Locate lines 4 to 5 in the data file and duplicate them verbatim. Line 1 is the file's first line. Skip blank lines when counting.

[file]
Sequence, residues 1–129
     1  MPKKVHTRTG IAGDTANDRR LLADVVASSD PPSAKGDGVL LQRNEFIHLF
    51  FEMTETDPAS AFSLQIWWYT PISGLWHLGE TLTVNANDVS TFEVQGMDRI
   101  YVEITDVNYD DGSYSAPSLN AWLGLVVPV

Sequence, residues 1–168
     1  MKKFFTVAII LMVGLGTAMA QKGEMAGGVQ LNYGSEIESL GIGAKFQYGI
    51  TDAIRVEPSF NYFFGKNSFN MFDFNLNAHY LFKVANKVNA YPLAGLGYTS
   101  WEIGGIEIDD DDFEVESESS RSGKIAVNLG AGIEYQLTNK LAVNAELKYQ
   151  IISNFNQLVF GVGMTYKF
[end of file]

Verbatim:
   101  YVEITDVNYD DGSYSAPSLN AWLGLVVPV

Sequence, residues 1–168